Inadequate fruit consumption23.9 (17.8 - 30.6)35.7 (20.9 - 50)26.1 (20.3 - 32)29.8 (22.5 - 36.9)32.7 (20.4 - 46.8)30.5 (24.7 - 36.5)26.7 (22.1 - 31.3)34 (24.5 - 43.6)28.3 (24.2 - 32.6)
Inadequate vegetable consumption39.4 (32.1 - 46.9)66.7 (51.3 - 80.8)44.6 (38.4 - 50.9)35.1 (28.1 - 42.5)42.3 (28.3 - 56.9)36.8 (30.6 - 43.1)37.4 (32.5 - 42.8)53.2 (42.6 - 63.8)40.7 (35.8 - 45.9)
Saturated fat consumption20 (14 - 26.3)28.6 (15.2 - 43.6)21.6 (16.5 - 27.1)23.2 (17.4 - 29.9)28.8 (17.3 - 42)24.5 (18.8 - 30.6)21.6 (17.2 - 25.9)28.7 (19.1 - 38.3)23.1 (19.2 - 26.9)
Adding salt to food32.2 (26.1 - 38.9)40.5 (25.6 - 54.5)33.8 (27.8 - 39.5)19.6 (13.9 - 26.3)7.7 (1.8 - 15.7)16.8 (12.1 - 22.1)26.1 (21.8 - 30.7)22.3 (13.9 - 30.9)25.3 (21.5 - 29.4)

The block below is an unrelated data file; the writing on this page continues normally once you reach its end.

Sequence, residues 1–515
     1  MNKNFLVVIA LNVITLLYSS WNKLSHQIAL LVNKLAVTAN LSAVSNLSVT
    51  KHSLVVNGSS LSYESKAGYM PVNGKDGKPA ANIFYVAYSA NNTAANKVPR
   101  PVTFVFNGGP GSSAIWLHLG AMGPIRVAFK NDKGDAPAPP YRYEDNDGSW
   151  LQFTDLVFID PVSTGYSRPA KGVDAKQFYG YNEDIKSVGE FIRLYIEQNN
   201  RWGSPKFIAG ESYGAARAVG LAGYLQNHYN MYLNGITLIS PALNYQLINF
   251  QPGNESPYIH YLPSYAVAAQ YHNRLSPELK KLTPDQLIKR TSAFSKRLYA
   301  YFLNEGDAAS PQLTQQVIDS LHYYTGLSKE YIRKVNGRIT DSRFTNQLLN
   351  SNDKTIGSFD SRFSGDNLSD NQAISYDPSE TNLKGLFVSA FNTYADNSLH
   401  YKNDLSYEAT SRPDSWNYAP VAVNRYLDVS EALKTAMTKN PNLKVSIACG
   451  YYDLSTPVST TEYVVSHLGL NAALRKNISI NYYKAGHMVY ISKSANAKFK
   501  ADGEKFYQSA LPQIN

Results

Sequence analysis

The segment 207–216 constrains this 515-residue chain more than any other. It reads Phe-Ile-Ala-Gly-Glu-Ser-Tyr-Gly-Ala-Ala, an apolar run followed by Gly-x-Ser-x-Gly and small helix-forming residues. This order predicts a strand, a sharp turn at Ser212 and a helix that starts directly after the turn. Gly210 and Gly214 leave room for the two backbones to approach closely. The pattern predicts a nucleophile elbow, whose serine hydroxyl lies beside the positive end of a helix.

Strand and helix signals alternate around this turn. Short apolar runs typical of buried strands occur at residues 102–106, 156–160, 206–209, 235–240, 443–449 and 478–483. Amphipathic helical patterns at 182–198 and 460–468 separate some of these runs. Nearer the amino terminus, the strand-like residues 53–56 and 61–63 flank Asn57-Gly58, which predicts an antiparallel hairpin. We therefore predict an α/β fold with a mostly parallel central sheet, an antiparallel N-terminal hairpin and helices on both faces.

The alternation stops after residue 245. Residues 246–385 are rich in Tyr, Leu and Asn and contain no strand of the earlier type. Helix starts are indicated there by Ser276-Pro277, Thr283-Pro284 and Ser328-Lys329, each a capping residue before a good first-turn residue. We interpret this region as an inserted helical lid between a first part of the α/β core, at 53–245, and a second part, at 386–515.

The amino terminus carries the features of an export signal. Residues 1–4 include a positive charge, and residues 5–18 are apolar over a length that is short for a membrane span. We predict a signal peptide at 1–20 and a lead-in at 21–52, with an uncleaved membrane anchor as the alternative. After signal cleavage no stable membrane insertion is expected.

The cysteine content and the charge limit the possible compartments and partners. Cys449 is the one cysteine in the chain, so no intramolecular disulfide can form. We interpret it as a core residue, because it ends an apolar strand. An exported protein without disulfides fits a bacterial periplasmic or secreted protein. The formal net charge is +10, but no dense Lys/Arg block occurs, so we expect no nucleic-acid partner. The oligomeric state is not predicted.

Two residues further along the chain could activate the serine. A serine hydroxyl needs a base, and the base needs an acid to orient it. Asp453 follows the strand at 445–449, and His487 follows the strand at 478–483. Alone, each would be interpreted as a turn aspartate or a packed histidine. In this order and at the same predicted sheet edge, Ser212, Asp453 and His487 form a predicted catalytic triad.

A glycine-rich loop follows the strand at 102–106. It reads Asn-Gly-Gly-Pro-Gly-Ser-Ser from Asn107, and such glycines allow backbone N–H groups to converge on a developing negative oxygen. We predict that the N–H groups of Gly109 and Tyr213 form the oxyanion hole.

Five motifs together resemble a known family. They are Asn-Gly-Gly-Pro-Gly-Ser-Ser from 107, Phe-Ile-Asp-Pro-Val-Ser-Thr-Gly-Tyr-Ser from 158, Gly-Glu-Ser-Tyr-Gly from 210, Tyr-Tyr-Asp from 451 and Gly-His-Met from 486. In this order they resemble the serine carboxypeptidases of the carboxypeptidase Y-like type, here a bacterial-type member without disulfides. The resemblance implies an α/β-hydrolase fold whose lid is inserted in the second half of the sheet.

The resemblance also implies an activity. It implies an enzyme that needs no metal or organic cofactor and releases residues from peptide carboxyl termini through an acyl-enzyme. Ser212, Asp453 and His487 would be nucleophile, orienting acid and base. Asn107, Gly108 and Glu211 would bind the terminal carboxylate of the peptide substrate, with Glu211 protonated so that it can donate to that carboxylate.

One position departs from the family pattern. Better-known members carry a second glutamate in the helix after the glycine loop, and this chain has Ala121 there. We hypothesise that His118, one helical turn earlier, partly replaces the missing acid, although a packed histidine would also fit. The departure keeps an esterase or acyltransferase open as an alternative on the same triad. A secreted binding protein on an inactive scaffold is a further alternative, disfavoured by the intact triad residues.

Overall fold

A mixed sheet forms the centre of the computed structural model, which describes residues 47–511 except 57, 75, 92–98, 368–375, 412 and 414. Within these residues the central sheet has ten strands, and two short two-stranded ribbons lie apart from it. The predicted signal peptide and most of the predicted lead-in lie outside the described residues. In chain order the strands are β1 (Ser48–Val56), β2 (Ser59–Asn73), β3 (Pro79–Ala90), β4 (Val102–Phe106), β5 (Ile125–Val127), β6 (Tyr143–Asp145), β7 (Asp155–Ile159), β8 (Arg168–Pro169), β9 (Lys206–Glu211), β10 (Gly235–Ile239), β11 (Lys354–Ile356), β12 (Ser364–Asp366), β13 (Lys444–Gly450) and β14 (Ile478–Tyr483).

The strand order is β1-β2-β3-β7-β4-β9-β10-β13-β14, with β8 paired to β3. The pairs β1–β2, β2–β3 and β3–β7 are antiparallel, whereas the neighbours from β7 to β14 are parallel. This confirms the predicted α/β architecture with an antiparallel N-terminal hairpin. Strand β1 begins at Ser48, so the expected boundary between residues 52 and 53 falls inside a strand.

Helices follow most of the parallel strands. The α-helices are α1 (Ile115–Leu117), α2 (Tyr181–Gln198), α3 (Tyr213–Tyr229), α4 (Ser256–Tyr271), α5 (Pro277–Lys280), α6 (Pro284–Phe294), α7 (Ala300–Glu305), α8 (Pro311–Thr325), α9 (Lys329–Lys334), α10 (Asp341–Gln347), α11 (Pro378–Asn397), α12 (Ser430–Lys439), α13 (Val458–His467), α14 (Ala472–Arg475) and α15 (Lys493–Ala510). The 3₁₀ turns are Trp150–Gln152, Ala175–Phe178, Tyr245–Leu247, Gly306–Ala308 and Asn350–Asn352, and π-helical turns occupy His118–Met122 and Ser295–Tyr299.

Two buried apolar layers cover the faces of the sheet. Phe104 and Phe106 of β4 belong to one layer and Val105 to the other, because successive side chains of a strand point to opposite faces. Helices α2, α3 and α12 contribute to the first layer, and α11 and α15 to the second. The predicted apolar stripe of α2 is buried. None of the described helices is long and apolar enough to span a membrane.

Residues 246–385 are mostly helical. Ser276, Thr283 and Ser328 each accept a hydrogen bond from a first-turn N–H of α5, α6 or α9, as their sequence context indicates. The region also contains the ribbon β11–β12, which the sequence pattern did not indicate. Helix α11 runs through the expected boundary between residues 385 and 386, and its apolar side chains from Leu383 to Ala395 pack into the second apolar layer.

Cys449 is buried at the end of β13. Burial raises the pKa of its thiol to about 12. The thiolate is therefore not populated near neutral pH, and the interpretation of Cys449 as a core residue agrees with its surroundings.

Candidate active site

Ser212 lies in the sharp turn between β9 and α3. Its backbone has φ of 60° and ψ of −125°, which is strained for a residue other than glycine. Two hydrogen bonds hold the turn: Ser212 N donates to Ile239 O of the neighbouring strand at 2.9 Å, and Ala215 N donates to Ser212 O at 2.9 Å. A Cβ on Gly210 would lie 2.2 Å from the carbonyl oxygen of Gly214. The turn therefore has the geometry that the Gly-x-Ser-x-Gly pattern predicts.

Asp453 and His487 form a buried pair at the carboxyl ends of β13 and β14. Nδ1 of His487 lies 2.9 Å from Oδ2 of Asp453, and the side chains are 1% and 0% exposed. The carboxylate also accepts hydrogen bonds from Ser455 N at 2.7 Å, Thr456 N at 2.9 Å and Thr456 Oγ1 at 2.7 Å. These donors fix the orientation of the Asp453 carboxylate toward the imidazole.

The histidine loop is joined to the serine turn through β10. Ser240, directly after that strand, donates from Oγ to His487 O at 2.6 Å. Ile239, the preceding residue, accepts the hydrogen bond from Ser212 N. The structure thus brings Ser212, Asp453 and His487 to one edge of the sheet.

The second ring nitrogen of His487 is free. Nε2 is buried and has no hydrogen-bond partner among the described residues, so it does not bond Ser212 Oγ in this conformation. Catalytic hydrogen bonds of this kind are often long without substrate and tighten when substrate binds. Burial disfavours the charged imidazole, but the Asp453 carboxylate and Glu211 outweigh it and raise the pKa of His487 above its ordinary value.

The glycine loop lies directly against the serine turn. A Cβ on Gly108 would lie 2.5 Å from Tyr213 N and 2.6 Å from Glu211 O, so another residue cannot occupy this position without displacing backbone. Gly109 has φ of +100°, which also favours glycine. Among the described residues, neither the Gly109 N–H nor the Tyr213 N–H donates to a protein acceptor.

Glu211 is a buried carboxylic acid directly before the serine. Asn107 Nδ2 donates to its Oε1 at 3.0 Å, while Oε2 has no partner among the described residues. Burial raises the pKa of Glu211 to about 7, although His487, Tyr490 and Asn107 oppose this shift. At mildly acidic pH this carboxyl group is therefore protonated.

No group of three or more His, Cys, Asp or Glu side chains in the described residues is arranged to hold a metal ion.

Having anxiety or depression16.7 (11.5 - 22.2)28.6 (14.3 - 44)18.9 (13.8 - 24.1)34.5 (27.3 - 41)30.8 (18 - 43.1)33.6 (26.9 - 40.4)25.3 (20.7 - 29.9)29.8 (21.3 - 39.3)26.2 (22.4 - 30.5)

The rates of low, moderate, and high/very high risks of CVD were 90.3% (95% CI: 87.6 - 92.9%), 5.3% (95% CI: 3.6 - 7.3%), and 4.4% (95% CI: 2.7 - 6.4%) in all the participants, respectively. Among 40 - 50-year-old adults, 0.3% (95% CI: 0 - 0.8%) were in the high/very high risk group but 20.2% (95% CI: 12.8 - 28.7%) of 50-60-year-old adults were in the high/very high risk group. The distribution of participants in CVD risk groups according to gender and age is shown in Figures 1 and 2.

The CVD risk classification in women according to age
Figure 1. The CVD risk classification in women according to age